Philosophy 101 Essay

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Philosophy is defined by Webster as "Love and pursuit of wisdom by intellectual means and moral self-discipline" or "Investigation of the nature, causes, or principles of reality, knowledge, or values, based on logical reasoning rather than empirical methods." This essay is a general look at those who pursued that intellectual means, those who investigated, even those who reasoned Reason. Because volumes could be written and this is a rather quick, unworthy paper: apologizes.

Hegel's philosophy of History, on of the greatest in the philosophy cannon, is the great philosophers greatest body of work. The philosophy of History is based on such ideals as the idea that Reason rules history. George Hegel used Immanuel Kant's system of
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For example, a thesis of "red" and an antithesis of "blue" would combine to form a synthesis or "purple." Complex conclusions can be realized by reusing the synthesis as a thesis for a new problem.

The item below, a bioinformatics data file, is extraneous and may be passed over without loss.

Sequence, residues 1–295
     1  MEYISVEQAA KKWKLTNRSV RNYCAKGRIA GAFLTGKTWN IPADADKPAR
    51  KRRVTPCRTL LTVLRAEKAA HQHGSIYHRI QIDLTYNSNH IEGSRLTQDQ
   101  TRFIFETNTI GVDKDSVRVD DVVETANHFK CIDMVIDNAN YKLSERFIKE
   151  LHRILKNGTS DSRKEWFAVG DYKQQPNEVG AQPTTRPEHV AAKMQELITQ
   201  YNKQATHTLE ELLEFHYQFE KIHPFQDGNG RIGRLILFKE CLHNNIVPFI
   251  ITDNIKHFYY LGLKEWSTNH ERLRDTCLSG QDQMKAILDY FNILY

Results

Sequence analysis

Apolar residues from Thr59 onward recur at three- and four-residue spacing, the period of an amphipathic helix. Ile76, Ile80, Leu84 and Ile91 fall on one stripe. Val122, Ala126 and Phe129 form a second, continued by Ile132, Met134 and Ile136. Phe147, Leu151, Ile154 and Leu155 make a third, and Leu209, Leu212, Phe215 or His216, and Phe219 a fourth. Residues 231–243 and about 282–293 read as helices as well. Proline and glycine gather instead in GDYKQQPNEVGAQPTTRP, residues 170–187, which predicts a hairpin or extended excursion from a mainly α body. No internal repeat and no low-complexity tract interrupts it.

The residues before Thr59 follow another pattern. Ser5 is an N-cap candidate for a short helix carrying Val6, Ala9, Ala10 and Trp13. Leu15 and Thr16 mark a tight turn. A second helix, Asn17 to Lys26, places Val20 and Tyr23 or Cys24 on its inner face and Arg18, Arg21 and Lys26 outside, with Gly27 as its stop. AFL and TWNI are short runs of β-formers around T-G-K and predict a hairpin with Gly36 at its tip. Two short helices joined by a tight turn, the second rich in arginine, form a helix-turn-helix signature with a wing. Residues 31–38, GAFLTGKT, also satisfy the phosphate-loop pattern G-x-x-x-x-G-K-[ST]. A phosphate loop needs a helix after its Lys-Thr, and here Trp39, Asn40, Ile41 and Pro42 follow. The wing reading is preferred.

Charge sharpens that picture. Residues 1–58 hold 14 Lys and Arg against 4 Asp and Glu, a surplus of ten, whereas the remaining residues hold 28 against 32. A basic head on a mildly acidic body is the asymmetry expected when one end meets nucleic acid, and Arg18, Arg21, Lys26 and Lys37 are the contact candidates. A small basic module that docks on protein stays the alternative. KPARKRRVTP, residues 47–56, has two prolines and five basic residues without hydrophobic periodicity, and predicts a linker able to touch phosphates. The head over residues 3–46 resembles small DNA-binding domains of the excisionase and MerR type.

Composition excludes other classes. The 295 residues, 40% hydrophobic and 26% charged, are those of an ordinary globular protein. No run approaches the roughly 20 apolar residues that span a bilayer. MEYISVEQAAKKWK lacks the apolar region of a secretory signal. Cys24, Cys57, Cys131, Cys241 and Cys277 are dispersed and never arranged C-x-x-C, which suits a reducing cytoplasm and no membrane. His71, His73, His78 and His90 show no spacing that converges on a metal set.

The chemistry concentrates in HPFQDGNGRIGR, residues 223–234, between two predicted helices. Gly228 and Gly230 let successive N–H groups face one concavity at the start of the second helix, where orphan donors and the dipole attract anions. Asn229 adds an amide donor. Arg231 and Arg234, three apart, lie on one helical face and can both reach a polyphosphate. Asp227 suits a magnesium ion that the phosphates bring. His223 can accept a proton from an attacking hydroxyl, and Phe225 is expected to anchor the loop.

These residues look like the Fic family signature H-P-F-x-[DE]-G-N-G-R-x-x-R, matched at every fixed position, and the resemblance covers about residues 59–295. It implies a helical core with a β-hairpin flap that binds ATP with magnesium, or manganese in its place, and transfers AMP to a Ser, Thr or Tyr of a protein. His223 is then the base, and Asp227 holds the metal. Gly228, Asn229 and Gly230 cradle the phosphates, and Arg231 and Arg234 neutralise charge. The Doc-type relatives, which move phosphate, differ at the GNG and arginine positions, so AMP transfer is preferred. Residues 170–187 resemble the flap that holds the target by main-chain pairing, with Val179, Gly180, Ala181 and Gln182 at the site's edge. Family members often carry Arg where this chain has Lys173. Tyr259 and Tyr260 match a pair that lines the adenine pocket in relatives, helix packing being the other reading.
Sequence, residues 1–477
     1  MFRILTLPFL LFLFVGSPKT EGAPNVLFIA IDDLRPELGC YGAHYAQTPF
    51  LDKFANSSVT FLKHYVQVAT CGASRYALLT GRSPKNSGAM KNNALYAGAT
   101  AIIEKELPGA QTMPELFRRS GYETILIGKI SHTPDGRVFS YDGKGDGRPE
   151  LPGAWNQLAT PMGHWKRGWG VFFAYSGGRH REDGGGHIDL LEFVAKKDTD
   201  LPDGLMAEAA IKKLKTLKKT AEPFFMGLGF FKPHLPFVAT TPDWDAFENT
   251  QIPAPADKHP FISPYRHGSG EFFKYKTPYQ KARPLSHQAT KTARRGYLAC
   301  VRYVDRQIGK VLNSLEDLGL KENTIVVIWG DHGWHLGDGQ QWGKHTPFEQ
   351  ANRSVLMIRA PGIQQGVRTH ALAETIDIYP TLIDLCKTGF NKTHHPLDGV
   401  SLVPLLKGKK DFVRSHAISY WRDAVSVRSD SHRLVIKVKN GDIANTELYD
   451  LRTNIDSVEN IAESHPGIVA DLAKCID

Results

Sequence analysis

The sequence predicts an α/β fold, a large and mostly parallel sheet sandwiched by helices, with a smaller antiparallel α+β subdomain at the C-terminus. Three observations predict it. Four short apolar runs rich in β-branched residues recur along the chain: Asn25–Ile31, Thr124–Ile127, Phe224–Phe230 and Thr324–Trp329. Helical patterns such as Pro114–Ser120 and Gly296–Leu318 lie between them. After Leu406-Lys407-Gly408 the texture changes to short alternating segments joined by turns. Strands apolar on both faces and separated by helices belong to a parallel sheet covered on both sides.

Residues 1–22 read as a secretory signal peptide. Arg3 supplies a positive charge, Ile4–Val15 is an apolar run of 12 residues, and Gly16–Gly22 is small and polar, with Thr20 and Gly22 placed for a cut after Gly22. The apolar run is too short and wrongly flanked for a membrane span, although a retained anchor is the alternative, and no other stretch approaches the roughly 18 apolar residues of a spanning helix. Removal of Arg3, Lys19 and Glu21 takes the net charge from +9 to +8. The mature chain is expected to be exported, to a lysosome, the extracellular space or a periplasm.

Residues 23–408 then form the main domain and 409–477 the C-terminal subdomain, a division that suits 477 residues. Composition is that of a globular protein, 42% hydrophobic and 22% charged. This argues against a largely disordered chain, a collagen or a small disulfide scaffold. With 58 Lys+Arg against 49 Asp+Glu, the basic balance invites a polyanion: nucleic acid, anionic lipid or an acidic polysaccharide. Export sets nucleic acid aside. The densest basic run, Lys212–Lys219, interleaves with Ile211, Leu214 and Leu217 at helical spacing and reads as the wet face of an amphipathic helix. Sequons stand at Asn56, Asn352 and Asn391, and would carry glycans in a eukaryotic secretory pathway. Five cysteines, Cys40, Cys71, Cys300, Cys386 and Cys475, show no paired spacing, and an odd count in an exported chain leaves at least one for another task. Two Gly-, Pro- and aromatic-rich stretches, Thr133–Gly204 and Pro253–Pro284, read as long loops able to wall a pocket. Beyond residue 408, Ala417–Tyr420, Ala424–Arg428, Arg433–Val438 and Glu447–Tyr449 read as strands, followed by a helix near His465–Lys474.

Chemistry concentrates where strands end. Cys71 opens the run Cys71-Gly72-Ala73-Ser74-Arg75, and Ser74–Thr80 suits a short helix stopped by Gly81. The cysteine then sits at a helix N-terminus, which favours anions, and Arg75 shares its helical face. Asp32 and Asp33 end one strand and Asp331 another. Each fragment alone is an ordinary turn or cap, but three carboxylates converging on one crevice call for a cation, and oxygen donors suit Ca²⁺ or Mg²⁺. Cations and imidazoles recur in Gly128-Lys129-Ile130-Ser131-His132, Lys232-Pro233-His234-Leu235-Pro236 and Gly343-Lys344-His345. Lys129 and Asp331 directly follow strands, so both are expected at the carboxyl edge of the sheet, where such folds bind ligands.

The entire subject of philosophy, according to Hegel, consists of the study of the history of the world and the creation of truth. When man first became aware of objects, he viewed everything in the context of death or negation. When the self encounters other people, its first reaction is to view them as objects and risk its life to kill them. After that comes the master/slave relationship, where certain people rise to the top of society and exercise control over others. Ironically, the slave actually has a more stable means of self-validation. The slave identifies with his work, which is never-ending, while the master identifies with his control over the slaves, which could end at a moment's notice. Another ideal, which we derive from Hegel, is that of "stoicism." Stoicism, defined as the recognition of the self as sovereign and independent. The individual tries to lead a self-contained life of reason but is still susceptible to the psychological residue of the master/slave relationship as well as nature's eternal mastery. After this stage comes skepticism, which is an extreme form of stoicism where the self becomes completely rational and destroys nature by doubting it. The self is still limited by the master/slave
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